Bacteria resistant to 'anti-biotic of last resort' detected in Pennsylvania

A newly published study reveals that a woman in Pennsylvania was found to have a never before seen type of E Coli bacteria which was resistant to one of the strongest forms of anti-biotics known. The Washington Post reports:

The antibiotic-resistant strain was found last month in the urine of a 49-year-old Pennsylvania woman. Defense Department researchers determined that she carried a strain of E. coli resistant to the antibiotic colistin, according to a study published Thursday in Antimicrobial Agents and Chemotherapy, a publication of the American Society for Microbiology. The authors wrote that the discovery “heralds the emergence of a truly pan-drug resistant bacteria.”

Colistin is the antibiotic of last resort for particularly dangerous types of superbugs, including a family of bacteria known as carbapenem-resistant Enterobacteriaceae, or CRE, which health officials have dubbed “nightmare bacteria.” In some instances, these superbugs kill up to 50 percent of patients who become infected. The Centers for Disease Control and Prevention has called CRE among the country’s most urgent public health threats.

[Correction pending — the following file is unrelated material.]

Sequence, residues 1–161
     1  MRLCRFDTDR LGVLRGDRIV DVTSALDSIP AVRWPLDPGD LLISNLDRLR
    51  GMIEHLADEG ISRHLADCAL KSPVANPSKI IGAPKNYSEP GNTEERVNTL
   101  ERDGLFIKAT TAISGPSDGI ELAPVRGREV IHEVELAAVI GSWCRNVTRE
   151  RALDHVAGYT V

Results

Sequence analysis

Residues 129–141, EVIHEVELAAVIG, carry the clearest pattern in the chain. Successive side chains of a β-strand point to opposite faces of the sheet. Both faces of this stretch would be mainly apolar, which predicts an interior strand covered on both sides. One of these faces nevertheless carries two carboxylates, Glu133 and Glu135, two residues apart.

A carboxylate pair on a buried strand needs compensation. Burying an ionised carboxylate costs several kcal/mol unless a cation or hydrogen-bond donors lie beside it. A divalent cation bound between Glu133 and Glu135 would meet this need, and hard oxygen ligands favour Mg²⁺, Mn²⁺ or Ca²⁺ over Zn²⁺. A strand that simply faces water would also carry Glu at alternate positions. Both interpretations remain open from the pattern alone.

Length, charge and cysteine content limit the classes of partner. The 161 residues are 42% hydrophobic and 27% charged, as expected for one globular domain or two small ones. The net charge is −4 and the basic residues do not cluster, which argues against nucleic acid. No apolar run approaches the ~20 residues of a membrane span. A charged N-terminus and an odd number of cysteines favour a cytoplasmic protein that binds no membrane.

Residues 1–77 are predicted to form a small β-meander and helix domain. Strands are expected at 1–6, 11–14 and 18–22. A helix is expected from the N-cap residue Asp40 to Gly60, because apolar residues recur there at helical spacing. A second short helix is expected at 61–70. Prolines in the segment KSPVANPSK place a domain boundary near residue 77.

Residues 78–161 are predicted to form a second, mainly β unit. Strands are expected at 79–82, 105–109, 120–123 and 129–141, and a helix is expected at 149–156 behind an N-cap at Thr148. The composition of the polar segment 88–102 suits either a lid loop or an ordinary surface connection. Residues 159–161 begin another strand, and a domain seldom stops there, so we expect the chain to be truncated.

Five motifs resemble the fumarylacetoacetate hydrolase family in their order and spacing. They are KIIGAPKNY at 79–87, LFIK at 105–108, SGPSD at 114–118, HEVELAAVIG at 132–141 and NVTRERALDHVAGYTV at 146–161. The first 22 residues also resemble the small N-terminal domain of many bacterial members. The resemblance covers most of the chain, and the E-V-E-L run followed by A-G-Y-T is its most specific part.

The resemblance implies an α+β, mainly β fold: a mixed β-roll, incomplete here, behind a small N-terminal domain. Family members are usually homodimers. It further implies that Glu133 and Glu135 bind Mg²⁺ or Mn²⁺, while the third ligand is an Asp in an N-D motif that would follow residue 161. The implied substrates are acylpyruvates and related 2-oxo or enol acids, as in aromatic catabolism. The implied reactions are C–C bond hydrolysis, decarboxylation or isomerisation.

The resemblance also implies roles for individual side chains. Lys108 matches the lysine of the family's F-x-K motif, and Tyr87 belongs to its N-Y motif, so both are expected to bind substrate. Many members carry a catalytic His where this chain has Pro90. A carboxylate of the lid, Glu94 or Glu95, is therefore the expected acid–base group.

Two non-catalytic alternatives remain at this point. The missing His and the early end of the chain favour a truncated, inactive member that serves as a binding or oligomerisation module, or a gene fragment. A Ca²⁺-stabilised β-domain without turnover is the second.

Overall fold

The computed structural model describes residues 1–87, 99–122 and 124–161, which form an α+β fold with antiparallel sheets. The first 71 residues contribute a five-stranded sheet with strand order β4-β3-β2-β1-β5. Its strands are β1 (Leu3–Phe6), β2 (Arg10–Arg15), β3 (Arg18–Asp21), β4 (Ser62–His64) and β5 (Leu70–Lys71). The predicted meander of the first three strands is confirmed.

This strain of colistin-resistant E Coli was detected last year in China and later in Europe, Africa and South America. But the Post reports this is the first time it has been identified in the United States. Doctors have been warning about this looming danger for years. As we continue to use, and often over-prescribe, anti-biotics, more and more strains of drug resistant bacteria turn up.

To be clear, we’re not at the stage quite yet where we have no means to fight this bug. The E Coli found in the woman in Pennsylvania is said by the Post to be “treatable with some other antibiotics.” The problem is that the genes which make it resistant to our strongest anti-biotics will inevitably continue to spread. In other words, the possibility of a true superbug now seems much closer to reality than it did before.